Egypt began the trial on Sunday of 26 men suspected of links with Lebanon's Hezbollah and who face charges that include planning attacks inside Egypt.
The case has highlighted the worries of conservative Sunni states like Egypt and Saudi Arabia about the increasing influence of Shi'ite Iran and groups, like Hezbollah, seen as Tehran's proxies.
Egypt's announcement in April that it had detained the men heightened tensions with the Lebanese guerrilla group, which had angered Cairo this year by accusing the Egyptian authorities of complicity with Israel in its siege of Gaza.
The charges against group members, read out in the emergency state security court, included giving information to a foreign organization, planning attacks inside Egypt targeting tourist sites and the Suez Canal, and possession of explosive material.
All those present denied charges brought against them. The men are not all facing the same charges.
Rights groups say Egypt has used "exceptional" courts like emergency and military courts to secure guilty verdicts and point to swift and often harsh sentences passed by the courts against Islamist militants in the 1990s.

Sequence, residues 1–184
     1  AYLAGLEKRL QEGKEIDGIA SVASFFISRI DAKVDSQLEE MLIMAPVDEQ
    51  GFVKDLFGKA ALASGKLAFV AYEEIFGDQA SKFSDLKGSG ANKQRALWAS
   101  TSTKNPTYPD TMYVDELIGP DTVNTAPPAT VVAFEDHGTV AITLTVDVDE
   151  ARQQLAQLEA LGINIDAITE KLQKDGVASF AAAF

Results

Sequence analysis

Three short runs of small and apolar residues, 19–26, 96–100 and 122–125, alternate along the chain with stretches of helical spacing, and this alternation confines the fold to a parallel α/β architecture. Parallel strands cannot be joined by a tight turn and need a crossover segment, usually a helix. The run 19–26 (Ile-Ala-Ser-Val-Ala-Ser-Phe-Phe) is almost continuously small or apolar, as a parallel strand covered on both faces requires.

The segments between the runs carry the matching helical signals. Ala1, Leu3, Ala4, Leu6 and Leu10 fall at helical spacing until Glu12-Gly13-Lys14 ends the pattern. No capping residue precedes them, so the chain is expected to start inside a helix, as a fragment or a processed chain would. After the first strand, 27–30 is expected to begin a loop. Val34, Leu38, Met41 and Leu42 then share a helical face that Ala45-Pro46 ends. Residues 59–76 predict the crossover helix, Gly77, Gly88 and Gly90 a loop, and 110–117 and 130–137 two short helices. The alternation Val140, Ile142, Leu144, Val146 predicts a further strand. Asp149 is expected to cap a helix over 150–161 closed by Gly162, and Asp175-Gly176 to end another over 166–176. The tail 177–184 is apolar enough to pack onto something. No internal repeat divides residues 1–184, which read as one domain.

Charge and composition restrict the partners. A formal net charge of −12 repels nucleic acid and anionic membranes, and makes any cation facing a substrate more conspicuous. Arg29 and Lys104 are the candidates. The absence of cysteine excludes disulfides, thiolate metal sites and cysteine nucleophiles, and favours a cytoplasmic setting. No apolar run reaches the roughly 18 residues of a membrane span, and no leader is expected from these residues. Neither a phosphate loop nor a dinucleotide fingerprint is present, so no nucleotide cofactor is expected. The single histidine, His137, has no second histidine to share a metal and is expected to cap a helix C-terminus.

"We live and die as Egyptians. We will never betray our country," several of the Egyptian defendants said from the cage where they were held in court when the charges were read out.
Others chanted during proceedings "We sacrifice ourselves to you, oh messenger of God," a reference to the Prophet Mohammad.
Lawyer Saad Hasaballah said four men were being tried in absentia and two others were not present in court on Sunday.
The men being tried include two Lebanese, five Palestinian and one Sudanese. The rest are Egyptian.
Among those being tried in absentia is Lebanese citizen Mohamed Qublan, while the second Lebanese, Sami Chehab, also named as Mohamed Youssef Mansour Ahmed, was in court.
Charges against the two Lebanese men included recruiting and financing the group and planning "terrorist" actions.
Hezbollah leader Sayyed Hassan Nasrallah said in April that Chehab was a member of the Lebanese group and was detained in November but said he was helping provide military equipment to support Palestinians in their fight against Israel.
Nasrallah said Chehab was being helped by up to 10 others but said others detained by the Egyptian authorities had no link to Chehab.
Judge Adel Abdel-Salem Gomaa referred one of the accused for medical checks after he said he was tortured.
The court set the next hearing for October 24.